2013: The Shannon class lifeboat
On Thursday 11 July 2013 at an official ceremony, the RNLI’s very first Shannon class lifeboat was named Jock and Annie Slater, after a former RNLI Chairman, Sir Jock Slater, and his wife, Lady Annie Slater.
The vessel’s 50-year operational life would begin at Dungeness Lifeboat Station in Kent, although as part of a relief fleet, the boat was destined for service across the UK and Ireland.
Former RNLI Operations Director Michael Vlasto, who officially accepted the new lifeboat during the ceremony, said: ‘When I joined the RNLI, I was visiting crews with 8-knot lifeboats. This one is three times as fast, and she is infinitely more manoeuvrable.’
An incredible machine
The Shannon class is the first modern RNLI all-weather lifeboat to be powered by waterjets instead of propellers, making her fast and agile.
She is also the first lifeboat to be built in-house at our All-weather Lifeboat Centre, which opened for business at RNLI Support Centre in Poole, Dorset, on 24 February 2015 (an official opening ceremony followed in August the same year).
As part of our goal to halve the number of drownings in the UK and Ireland by 2024, the Shannon will form part of a complete fleet of all-weather lifeboats capable of speeds up to 25 knots (about 28mph). The decision to build them in-house was made on forecast savings of around £3.7 million each year, compared to outsourced production.
The most agile and manoeuvrable vessel in our all-weather fleet, the Shannon class lifeboat was designed to meet a large number of very specific requirements.
She is self-righting and can endure up to 10 hours in extreme sea conditions. She is highly manoeuvrable even in shallower waters, and her Systems and Information Management System (SIMs) lets crew monitor, control and operate many of the boat’s systems from the safety of their seat.
These seats have impressive suspension to make arduous sea voyages in the worst conditions more comfortable and safer for crew by reducing the impact of vertical slamming forces.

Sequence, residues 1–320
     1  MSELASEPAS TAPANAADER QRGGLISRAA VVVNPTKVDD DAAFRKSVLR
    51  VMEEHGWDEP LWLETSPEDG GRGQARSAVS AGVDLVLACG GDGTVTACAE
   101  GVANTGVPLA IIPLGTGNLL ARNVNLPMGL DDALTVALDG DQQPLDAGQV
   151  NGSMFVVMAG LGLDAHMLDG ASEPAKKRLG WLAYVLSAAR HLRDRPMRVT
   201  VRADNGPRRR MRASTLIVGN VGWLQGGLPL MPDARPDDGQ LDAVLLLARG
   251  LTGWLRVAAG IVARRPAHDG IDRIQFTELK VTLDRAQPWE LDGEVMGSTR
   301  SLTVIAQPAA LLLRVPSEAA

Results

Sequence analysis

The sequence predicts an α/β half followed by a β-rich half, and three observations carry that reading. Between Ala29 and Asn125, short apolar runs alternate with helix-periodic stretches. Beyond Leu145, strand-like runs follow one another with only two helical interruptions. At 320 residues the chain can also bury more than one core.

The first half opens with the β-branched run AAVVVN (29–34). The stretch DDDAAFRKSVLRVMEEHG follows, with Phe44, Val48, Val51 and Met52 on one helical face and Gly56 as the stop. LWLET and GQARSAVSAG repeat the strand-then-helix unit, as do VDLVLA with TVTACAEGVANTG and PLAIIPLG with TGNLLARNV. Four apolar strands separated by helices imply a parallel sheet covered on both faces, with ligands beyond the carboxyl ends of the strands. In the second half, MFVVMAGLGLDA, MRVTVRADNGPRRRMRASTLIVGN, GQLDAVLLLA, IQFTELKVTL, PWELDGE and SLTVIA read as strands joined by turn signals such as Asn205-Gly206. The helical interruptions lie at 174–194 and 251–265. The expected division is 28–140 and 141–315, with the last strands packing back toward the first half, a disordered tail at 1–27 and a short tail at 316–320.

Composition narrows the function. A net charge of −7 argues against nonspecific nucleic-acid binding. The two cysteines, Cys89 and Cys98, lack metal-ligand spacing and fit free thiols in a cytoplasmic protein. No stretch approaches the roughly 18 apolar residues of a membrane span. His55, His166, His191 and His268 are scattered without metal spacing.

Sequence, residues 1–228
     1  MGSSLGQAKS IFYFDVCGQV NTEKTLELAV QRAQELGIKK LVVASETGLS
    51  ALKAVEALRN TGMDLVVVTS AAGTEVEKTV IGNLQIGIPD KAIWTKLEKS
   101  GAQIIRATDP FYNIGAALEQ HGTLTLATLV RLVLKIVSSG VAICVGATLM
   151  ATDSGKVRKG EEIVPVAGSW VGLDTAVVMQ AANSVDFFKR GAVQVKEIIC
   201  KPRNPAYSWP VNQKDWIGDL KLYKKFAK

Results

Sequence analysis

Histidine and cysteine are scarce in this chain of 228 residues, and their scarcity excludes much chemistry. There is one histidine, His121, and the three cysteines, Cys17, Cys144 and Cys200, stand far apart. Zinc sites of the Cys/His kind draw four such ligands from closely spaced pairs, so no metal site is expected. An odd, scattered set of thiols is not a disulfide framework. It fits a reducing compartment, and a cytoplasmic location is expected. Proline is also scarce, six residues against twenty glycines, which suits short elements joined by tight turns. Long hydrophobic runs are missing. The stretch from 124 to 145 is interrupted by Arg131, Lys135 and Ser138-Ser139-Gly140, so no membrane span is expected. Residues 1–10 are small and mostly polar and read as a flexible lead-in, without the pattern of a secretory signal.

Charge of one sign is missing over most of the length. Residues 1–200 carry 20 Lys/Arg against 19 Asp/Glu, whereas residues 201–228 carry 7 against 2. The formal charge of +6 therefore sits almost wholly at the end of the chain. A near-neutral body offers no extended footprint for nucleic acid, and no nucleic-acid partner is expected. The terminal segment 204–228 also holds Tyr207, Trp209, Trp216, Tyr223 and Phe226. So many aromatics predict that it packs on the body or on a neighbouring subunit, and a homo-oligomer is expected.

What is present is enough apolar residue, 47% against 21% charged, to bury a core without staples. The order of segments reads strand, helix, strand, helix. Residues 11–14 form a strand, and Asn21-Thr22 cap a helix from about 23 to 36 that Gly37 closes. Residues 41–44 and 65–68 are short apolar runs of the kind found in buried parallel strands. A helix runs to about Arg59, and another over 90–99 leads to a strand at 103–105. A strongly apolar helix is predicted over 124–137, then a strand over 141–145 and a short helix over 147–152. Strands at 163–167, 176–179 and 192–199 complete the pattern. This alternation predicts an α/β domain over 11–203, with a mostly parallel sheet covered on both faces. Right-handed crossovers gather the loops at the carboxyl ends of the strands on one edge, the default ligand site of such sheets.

Her distinctive hull shape is also designed to reduce the vertical and transverse slamming forces caused by rough seas, with a narrow bow to slice through water and a wide aft section to keep the Shannon steady.
Writing in The Telegraph newspaper’s Christmas Roadtest in 2012, journalist Andrew English described the Shannon class as: ‘… a good-looking boat, with a high prow and a workmanlike beam, and while her experimental paint is supposed to be much cheaper than the old, she's gleaming with the pride of her crew.'
Launch and recovery
The Shannon’s launch and recovery system, designed in conjunction with Supacat Ltd for launching the lifeboat from a beach, is just as much an innovation as the lifeboat itself.
It works as a single tractor and carriage unit, with both the tractor's and carriage's tracks being driven to allow it to drive across uneven and soft ground without bogging down.
At the water's edge, the carriage bed can tilt, allowing the Shannon to be launched slipway-fashion in a wider variety of locations than is practical for the Mersey.
On return, the Shannon can, if necessary, beach herself at speed to get clear of any surf or breaking waves. She can then be recovered directly from the beach by her launch and recovery tractor. Once winched up from the beach, the tractor’s carriage revolves 180 degrees so that the lifeboat is repositioned, ready to be relaunched.
Rodney Burge, Lifeboat Operations Manager and former Coxswain at RNLI Amble, says: ‘We have all been very impressed with the Shannon – it’s a completely new concept in lifeboating. When I started volunteering with the RNLI 45 years ago, we had a Watson class lifeboat that had a top speed of around 7 knots and no radar. This boat is more than three times as fast but still feels incredibly smooth in the water, even at top speed.’